The current pandemic has compelled fashion to rethink its operations. In a conversation with Barkha Dutt, four fashion industry experts, Karuna Ezara Parikh, Maanvi Gagroo, Aditi Mayer and Sanjana Rishi, discuss how to rethink fashion and one’s own identity in the aftermath of a pandemic.
“I have banished the male gaze,” said Karuna. As humans, we have a strong desire to be seen. In the digital world, you are only supposed to reveal your best self. And, as someone who works in the industry, it was liberating not to be on display during the lockdown. “I realised that I will take better care of my body for myself rather than for others,” she said.
However, she also stated that completely avoiding fashion would be detrimental to the entire industry/art. Instead, we should reconsider how long-term sustainable our clothing choices are and what truly counts in the post-pandemic age.
People are now more concerned with their well-being than with outward appearance. During the pandemic, there was a lot of contemplation. The emphasis was more on being fitter rather than seeming fitter.
“I have largely withdrawn from social media because people do not exhibit their entire reality on it. I’ve become more at ease doing things on my own, for myself,” Maanvi added.
“We prioritize our digital self over real self,” stated Aditi. She speaks about fashion being political and diverse in the context of sustainability in fashion.
Because of Black Lives Matter and other political movements, there is now an internal diversity inclusion in the fashion business, with supplier chains choosing colorism in who they wish to represent. “My audience has more than doubled in the last few months because the topic is being taken seriously.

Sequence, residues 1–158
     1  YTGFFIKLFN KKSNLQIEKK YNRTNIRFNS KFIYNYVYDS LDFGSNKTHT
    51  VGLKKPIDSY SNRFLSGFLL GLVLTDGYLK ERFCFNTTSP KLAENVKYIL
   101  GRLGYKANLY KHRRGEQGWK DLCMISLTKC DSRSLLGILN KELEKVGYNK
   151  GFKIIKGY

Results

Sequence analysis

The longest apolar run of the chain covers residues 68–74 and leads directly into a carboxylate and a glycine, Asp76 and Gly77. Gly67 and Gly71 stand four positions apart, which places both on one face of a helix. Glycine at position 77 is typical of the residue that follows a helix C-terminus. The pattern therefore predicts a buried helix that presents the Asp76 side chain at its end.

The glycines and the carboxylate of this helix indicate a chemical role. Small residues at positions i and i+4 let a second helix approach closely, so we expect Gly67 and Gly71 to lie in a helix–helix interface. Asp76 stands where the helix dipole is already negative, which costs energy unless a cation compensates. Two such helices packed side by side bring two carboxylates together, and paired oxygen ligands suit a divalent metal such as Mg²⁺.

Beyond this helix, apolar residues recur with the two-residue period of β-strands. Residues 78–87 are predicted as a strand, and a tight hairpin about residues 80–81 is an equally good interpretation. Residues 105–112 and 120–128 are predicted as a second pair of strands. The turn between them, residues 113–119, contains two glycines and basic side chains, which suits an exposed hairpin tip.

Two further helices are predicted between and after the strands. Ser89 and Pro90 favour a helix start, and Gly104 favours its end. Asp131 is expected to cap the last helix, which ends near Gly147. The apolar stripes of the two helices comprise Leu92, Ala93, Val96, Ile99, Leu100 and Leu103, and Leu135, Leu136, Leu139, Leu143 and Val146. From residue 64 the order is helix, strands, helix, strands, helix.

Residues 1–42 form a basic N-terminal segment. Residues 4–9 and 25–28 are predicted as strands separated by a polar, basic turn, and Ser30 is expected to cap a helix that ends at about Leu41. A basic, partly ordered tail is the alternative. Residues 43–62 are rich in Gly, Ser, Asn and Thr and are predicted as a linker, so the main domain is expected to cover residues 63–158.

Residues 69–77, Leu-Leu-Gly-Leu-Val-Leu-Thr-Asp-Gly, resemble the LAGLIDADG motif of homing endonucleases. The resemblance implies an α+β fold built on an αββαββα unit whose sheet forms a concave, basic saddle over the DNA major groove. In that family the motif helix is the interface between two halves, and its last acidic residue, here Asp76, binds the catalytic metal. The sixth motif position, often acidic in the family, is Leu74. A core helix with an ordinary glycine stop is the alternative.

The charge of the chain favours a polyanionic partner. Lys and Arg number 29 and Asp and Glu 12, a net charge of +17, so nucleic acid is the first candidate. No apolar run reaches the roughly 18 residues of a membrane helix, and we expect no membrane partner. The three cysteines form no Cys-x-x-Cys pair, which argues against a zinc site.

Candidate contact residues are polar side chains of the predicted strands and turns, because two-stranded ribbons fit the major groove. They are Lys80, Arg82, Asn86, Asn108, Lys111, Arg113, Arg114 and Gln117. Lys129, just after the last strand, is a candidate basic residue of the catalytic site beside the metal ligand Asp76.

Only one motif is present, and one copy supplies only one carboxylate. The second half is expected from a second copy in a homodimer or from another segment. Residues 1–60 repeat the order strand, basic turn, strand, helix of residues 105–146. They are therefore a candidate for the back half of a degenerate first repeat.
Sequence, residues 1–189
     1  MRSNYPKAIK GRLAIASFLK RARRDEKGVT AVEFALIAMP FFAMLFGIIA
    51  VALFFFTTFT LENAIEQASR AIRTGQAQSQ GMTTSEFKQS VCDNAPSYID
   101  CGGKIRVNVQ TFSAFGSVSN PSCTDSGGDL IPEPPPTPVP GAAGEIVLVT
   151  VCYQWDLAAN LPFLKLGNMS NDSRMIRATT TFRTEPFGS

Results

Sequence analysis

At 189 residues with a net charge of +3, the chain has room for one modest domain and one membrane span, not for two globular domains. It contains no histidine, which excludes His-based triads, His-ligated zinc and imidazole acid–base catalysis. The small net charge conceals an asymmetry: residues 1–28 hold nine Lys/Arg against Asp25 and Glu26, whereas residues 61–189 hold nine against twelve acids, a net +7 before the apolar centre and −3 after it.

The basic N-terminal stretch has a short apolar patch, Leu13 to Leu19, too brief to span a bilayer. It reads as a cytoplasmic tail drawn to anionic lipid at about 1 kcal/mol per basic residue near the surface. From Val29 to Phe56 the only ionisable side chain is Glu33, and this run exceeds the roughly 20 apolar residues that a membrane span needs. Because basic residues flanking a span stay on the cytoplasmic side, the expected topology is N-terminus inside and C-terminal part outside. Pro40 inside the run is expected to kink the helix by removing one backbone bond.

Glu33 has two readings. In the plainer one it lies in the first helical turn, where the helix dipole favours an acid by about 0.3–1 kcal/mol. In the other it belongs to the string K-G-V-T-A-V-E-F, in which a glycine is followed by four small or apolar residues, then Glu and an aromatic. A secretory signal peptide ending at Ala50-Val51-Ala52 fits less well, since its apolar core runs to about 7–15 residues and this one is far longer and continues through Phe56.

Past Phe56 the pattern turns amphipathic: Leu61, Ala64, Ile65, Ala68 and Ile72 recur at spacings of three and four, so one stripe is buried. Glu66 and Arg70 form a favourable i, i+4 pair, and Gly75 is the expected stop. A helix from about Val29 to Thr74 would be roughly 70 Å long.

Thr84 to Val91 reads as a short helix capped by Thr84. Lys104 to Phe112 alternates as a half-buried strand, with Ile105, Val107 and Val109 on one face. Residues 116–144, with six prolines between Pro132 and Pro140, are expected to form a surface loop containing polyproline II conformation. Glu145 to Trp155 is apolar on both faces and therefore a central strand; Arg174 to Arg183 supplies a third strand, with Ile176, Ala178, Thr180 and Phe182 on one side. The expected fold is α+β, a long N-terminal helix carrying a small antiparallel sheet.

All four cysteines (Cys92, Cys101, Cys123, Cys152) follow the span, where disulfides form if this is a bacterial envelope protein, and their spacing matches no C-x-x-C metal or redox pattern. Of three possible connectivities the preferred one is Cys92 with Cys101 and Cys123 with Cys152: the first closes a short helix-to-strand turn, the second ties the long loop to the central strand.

Previously, discussions about racism in fashion and sustainability were typically viewed as a distraction. Gender and race are now important elements in shaping our relationship with fashion. Social justice is becoming synonymous with environmental justice,” added Aditi.
Sanjana Rishi defied convention by wearing a pantsuit at her wedding. She believes in environmentally sustainable fashion and generally buys a lot of second-hand clothes.
She talked about how she received hate comments on the internet for wearing a pantsuit at her wedding. People claimed she would never appreciate Indian traditions, since her mind had been shaped by Western culture.
“I didn’t realize it would offend people but it did offend people to the level where they were commenting on culture and all kinds of hate comments,” she said. She stated she didn’t understand the criticism, since “Indian men wear pantsuits at weddings all the time and nobody questions them.”
On the other hand, many women reached out to her and said they also got the courage to stand up to their parents or in-laws about what to wear at their wedding.
People nowadays are identifying homegrown Indian enterprises that are already operating in the area and are reacting favourably and investing in those, rather than brands that aren’t sustainable and are merely superficial.
These fashion experts challenge us to consider not only our fashion choices but also how we and others are reacting to the world in the present. While social media has amplified our voices and efforts, the pandemic has brought essential issues such as gender, intersectionality and environmental rights back into the spotlight.